City council heard some facts about marijuana use at its Monday, March 4 meeting when addictions expert Dean Nicholson talked to council about the pros and cons of legalizing the substance.
The discussion came about after council voted on decriminalizing marijuana alongside other B.C. municipal officials at the Union of B.C. Municipalities annual convention last September.
Councillors Angus Davis and Sharon Cross voted in favour of decriminalizing marijuana; Councillors Gerry Warner and Denise Pallesen voted against. Councillors Diana J. Scott and Bob Whetham and Mayor Wayne Stetski were not present for the vote.
On Monday, Nicholson came to council as a delegation to provide some statistics about marijuana use in the East Kootenay.
“I thought council would be interested in some updated information around marijuana use in our region,” said Nicholson, administrator of East Kootenay Addiction Services Society (EKASS).
In its 2011 survey of East Kootenay students in Grades 7 to 12, EKASS found that 30 per cent of all students had used marijuana before, and 26 per cent had used it in the past year. That was down from 2005, when 38 per cent of students reported using marijuana at least once.
Nicholson said that currently, most efforts around controlling marijuana use are around the legal implications. In 2004, around 70 per cent of federal spending on illicit drug use was on law enforcement, three per cent on prevention, three per cent on harm reduction, and 14 per cent on treatment.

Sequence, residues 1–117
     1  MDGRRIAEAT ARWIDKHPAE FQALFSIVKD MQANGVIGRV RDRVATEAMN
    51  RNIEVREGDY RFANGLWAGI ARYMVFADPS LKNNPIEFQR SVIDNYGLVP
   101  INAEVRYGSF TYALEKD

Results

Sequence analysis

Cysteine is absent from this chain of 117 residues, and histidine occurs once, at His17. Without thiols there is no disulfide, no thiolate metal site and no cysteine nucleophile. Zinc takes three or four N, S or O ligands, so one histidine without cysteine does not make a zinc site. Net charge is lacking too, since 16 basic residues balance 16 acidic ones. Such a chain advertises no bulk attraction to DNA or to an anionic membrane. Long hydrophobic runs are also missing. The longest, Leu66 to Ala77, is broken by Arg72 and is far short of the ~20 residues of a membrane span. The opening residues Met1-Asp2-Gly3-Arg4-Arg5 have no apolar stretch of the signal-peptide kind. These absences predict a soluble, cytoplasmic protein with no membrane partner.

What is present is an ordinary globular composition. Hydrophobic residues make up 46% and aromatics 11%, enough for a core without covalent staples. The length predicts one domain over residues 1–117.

Marijuana production and distribution is mostly in the hands of organized crime, Nicholson pointed out, which leads to gang crime and trafficking of “harder” drugs.
“Marijuana production plays a significant role in fuelling gang violence,” he said. “We are seeing cocaine coming into the country in part because of marijuana going south.”
Broad social debate about decriminalizing marijuana is needed, Nicholson went on.
“When the official stance is prohibition, it makes it very difficult to have a debate of the pros and cons of decriminalization or safer approaches,” he said.
“The current approach appears to be ineffective in that a large minority of the population use marijuana despite the illegality, the police direct resources to control a substance which the majority of Canadians feel should have its legal status changed, and organized crime benefits from the current legal status.”
There is no evidence that using marijuana makes people more likely to use harder drugs, Nicholson added.
“Many people use alcohol and marijuana and that’s as far as they go with substance use,” he said.
Council heard Nicholson’s presentation for information only. The vote last September at UBCM was to call on the appropriate government to decriminalize marijuana and research the regulation and taxation of marijuana.